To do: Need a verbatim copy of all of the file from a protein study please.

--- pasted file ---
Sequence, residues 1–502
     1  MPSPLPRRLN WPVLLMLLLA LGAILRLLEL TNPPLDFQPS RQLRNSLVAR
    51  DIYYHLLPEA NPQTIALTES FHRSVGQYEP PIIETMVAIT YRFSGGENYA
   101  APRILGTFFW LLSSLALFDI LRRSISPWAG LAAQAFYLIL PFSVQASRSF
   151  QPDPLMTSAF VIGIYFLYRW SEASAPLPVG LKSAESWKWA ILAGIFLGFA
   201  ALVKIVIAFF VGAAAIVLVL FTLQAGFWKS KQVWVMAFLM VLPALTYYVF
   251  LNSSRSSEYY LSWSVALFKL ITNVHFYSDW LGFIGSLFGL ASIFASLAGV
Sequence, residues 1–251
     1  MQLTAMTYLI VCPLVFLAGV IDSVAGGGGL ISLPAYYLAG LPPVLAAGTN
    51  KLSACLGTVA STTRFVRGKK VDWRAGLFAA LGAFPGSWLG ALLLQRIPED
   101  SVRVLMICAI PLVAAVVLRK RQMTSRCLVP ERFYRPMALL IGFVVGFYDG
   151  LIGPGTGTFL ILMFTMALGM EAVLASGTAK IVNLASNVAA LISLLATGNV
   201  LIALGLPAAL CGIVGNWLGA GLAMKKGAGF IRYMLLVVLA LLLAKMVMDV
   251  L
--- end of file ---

Sequence, residues 1–502
     1  MPSPLPRRLN WPVLLMLLLA LGAILRLLEL TNPPLDFQPS RQLRNSLVAR
    51  DIYYHLLPEA NPQTIALTES FHRSVGQYEP PIIETMVAIT YRFSGGENYA
   101  APRILGTFFW LLSSLALFDI LRRSISPWAG LAAQAFYLIL PFSVQASRSF
   151  QPDPLMTSAF VIGIYFLYRW SEASAPLPVG LKSAESWKWA ILAGIFLGFA
   201  ALVKIVIAFF VGAAAIVLVL FTLQAGFWKS KQVWVMAFLM VLPALTYYVF
   251  LNSSRSSEYY LSWSVALFKL ITNVHFYSDW LGFIGSLFGL ASIFASLAGV
Sequence, residues 1–251
     1  MQLTAMTYLI VCPLVFLAGV IDSVAGGGGL ISLPAYYLAG LPPVLAAGTN
    51  KLSACLGTVA STTRFVRGKK VDWRAGLFAA LGAFPGSWLG ALLLQRIPED
   101  SVRVLMICAI PLVAAVVLRK RQMTSRCLVP ERFYRPMALL IGFVVGFYDG
   151  LIGPGTGTFL ILMFTMALGM EAVLASGTAK IVNLASNVAA LISLLATGNV
   201  LIALGLPAAL CGIVGNWLGA GLAMKKGAGF IRYMLLVVLA LLLAKMVMDV
   251  L